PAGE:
Luke 22:60-62 But Peter said, "Man, I do not know what you are saying!" Immediately, while he was still speaking, the rooster crowed. And the Lord turned and looked at Peter. [I cannot imagine how that felt.] Then Peter remembered the word of the Lord, how He had said to him, "Before the rooster crows, you will deny Me three times." So Peter went out and wept bitterly.

Jesus did not say a word to him. He just looked at him and He looked at him with a look of disappointment, with a look of sorrow, because Peter had failed Him. Jesus did not give him a look of reprimand. Nevertheless, Peter could not stand it. He probably would have preferred that Jesus say something to him. He may have preferred a thrashing or some harsh comment back to him rather than that silence. It was that look that broke him. "And the Lord looked at Peter." Add the element of judgment to that and you have knowing the terror of the Lord, submitting yourselves one to another in the fear of Christ.

Now flip over to Philippians 2. Wives and husbands, there is no need to argue. Children and parents, there is no need to clash. Servants and masters, there is no need for contention. God and His Son have told us what Their will is. And Christ has given us an example and we are without excuse. Therefore we must submit ourselves one to another in the fear of Christ and of God. We thank God that He gives us the encouragement and the incentive through His own Son's example.

Philippians 2:3-8 Let nothing be done through selfish ambition or conceit, but in lowliness of mind let each esteem others better than himself. Let each of you look out not only for his own interests, but also for the interests of others. Let this mind be in you which was also in Christ Jesus, who, being in the form of God, did not considered robbery to be equal with God, but made Himself of no reputation, taking the form of a bondservant, and coming in the likeness of men. And being found in appearance as a man, He humbled Himself and became obedient to the point of death, even the death of the cross.

There are certain fundamental essential things about which there must be no question. And there is an irreducible standard to church doctrines and on that we must stand and we do not submit to those who would pervert those things. We stand fast in the truth, even to death if need be. We must do this in the right way and in the right spirit. But when we come to matters about which there cannot be certainty and finality, such as prophecy whose interpretation is yet to be revealed, it is then especially that we must remember lowliness of mind—humility.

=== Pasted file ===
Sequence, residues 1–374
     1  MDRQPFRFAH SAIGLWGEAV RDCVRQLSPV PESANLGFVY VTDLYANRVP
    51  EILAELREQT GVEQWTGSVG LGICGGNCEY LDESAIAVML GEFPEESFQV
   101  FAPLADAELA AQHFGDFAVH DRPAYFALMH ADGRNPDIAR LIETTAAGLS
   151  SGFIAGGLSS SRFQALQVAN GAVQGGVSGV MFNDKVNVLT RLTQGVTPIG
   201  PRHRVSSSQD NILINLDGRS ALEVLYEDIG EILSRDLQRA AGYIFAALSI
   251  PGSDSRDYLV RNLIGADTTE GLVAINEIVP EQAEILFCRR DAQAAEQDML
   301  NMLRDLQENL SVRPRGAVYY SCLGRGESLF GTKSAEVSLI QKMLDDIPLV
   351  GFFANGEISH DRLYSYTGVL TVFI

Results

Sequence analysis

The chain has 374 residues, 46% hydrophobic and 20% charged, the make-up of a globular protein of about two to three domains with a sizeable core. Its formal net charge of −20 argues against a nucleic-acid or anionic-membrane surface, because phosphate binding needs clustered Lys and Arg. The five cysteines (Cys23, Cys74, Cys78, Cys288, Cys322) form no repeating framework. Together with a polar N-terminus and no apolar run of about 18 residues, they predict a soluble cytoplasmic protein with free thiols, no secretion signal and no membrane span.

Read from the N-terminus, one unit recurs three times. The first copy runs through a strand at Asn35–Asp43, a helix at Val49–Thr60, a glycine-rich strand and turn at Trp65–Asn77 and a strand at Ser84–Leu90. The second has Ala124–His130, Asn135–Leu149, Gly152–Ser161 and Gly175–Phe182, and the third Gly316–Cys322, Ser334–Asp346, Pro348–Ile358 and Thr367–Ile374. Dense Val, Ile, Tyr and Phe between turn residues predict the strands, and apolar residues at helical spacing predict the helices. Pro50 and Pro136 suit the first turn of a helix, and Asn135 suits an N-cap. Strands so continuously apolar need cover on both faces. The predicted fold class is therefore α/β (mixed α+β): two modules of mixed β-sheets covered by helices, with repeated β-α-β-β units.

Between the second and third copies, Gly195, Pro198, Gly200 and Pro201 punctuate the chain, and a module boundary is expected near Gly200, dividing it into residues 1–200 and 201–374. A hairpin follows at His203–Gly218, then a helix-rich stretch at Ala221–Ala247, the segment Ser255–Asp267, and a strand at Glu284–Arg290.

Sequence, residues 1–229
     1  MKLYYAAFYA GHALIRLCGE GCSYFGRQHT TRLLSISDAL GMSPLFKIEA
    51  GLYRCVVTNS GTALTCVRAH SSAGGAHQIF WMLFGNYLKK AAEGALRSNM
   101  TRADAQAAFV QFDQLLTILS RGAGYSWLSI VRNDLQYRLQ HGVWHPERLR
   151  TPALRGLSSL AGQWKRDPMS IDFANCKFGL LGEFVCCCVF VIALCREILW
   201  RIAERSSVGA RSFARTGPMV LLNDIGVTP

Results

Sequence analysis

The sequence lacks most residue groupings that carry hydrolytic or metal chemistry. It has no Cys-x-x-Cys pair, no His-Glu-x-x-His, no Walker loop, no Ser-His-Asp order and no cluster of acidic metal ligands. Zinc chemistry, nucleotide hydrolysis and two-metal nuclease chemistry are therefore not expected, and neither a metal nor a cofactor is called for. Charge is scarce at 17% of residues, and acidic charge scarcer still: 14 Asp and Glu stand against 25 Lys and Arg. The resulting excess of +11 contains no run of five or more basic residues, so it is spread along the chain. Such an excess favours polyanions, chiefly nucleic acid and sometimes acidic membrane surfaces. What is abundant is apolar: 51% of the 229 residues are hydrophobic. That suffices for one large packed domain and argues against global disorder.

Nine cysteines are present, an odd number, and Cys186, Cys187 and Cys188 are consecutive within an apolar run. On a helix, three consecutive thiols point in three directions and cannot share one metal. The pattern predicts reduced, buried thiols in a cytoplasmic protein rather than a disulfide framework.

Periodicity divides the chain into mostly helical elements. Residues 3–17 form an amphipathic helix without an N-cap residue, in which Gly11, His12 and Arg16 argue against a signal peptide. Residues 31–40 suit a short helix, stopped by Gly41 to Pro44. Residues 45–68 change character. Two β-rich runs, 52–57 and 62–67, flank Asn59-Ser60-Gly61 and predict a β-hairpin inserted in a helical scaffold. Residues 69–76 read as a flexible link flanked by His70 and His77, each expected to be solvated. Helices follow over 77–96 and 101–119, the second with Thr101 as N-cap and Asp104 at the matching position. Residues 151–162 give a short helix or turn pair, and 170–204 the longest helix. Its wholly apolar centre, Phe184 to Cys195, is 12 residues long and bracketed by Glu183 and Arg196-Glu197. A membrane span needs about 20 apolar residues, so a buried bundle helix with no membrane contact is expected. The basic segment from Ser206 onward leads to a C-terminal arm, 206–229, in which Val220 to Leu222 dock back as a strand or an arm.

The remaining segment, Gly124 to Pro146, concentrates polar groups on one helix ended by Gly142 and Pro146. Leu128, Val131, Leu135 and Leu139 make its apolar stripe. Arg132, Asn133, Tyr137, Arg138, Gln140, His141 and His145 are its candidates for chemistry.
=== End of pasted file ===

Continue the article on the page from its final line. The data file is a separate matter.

Now turn over to I Corinthians 15 for a final scripture. Here the members of the church in Corinth in general agree about fundamentals and the vital matters, the foundational principles of God's truth. Eventually, the apostle Paul did not have to instruct them about these foundational principles, but only to remind them.

I Corinthians 15:1-4 Moreover, brethren, I declare to you the gospel which I preached to you, which also you received and in which you stand, by which also you are saved, if you hold fast that word which I preached to you—unless you believe in vain. For I delivered to you first of all that which I also received: that Christ died for our sins according to the Scriptures, and that He was buried, and that He rose again the third day according to the Scriptures.

So they agreed about the way of salvation, about the deity of Christ, and about other foundational doctrines. They were all basically agreed there. Otherwise they would not have been in the church. But you can agree about those truths and still divide the church and be guilty of schism about other matters.

And it is right here that we must learn to submit ourselves one to another in the fear of Christ. A Christian has opinions, but it is the questionable Christian who is opinionated. God granted us the ability to draw that distinction and we are not told not to have opinions, but we are told to hold them as filled with the Spirit manifesting love, joy, peace, longsuffering, kindness, goodness, faithfulness, gentleness, and self control.

Hold and guard and teach the truth in love and then personal relationships will be peaceful and loving and pleasant, and the name of God will be glorified in the church and in your homes.

The bottom line is that our merciful loving Father and our Elder Brother Jesus Christ encourage us to let this mind be in you, which is also in Christ Jesus, so that we may submit to one another in the fear of Christ.